Stax SR-202

General Information

Third-generation Lambda-series earspeaker, Pro bias

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Pros: Detailed sound, rather unique, adjustability, neutrality, always gets my head to bob.
Cons: Build quality, comfort & pads, cable, "suction"
I still have yet to give anything 5 stars. The SR-202, for me, is a solid option for alternatives to the HD700, if you can find them without breaking the bank.
I will start with the things I hate, because cynicism.
1. The build material is awful
Some of the plastic, especially the forks, is beneath that of many Happy-Meal toys.
2. They clamp a bit, but not horribly so.
I am very sensitive to this, so I think many will be fine with this.
3. They are not very easy to find
Unless you know where to look, or get lucky on the forum.
4. Stax and their criminal cable design.
Ribbon cables belong in computers 15+ years old. At least it doesn't tangle much.
The have to be peeled off, because they are glued on. On top of this, they press on my jaw, form a suction that i can hear/feel peeling off of my face after only 10 mins. of use.
Last but not least, they are not deep enough for my ears.
6. They are ugly, but unique. I can't hate too much here.
Less hateful part of the review.
I got the SR-202 on the forum in a Stax 2050A format. This means they came with the SRM-252A "Driver Unit".
Upon first listen, they sounded pretty good, but I continued to use my SHP-9500. I had read that Stax, and other electrostatic headphones may take a couple days of being on to "energize".
I believe this to be true, as about day 3 or 4 they wen't from decent to really freaking good.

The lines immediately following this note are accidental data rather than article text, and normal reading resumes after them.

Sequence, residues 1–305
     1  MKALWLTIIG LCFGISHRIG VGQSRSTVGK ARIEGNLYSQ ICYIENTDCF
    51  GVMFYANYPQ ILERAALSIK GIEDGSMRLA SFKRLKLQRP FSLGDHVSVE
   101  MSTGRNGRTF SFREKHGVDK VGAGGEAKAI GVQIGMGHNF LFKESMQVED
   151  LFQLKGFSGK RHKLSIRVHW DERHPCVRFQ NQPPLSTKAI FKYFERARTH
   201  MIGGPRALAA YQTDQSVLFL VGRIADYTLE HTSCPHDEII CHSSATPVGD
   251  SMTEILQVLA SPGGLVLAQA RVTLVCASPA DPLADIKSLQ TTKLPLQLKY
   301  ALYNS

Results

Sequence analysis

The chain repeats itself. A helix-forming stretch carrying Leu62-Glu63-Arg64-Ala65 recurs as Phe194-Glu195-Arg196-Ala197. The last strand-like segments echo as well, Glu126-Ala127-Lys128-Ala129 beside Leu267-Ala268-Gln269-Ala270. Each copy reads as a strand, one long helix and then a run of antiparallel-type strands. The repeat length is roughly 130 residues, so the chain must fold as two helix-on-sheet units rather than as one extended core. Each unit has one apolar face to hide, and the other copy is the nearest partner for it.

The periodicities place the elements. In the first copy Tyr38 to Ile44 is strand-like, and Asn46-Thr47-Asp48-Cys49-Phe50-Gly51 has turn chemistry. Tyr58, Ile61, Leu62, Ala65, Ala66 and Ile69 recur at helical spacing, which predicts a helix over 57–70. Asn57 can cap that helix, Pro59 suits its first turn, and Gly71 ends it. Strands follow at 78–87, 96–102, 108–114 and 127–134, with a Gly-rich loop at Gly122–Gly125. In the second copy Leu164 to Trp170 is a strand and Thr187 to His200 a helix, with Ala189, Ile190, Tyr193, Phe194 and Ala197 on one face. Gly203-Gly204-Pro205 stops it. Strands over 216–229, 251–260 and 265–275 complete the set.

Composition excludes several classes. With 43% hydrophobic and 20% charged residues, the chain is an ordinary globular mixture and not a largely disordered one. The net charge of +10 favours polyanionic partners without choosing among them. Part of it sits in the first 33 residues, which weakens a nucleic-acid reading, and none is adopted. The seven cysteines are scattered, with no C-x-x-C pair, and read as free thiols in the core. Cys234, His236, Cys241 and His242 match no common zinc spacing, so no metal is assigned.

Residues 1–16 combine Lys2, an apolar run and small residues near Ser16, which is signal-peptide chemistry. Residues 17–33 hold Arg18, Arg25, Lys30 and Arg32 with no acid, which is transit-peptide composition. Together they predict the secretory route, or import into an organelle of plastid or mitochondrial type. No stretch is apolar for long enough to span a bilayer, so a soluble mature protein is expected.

For sound:
The signature is probably the most neutral I have ever heard. Every frequency is present. The bass extends all the way down, the highs go all the way up, and if anything, the treble lacks almost all of the painful edge that bright dynamics possess. I think if anything they lean slightly toward bright in signature. I can hear everything going on at any given time to the point where my brain can't process it all at once. A comparison to dynamic headphones would be that the Stax SR-202 have a more speaker-like feel. They present the sound more all-at-once, rather than in layers like many dynamics have done for me. The clarity, balance, and range are just unmatched by anything else I have heard, and only thing trading punches in these categories (which I have tested) is the HD700. My favorite part of all is the imaging. I fell like I am cheating in CS:GO. I loved the HD700 for its soundstage and imaging. The imaging is even better of the SR-202, and without the confusingly large soundstage of the HD700. Another thing to note would be that the seal of the pads on the head make a significant difference in sound. With a gap, the bass becomes much fuller at the price of fullness in the higher frequencies.
 I do have a few things that I wish were better though. The texture of some instruments could be better. When there are a few instruments playing at once, some instruments miss their resolution on the Stax. Instrument separation suffered a little too, despite the neutrality. My Ostry kc06/kc06a iems do a far better job at separation than the Stax.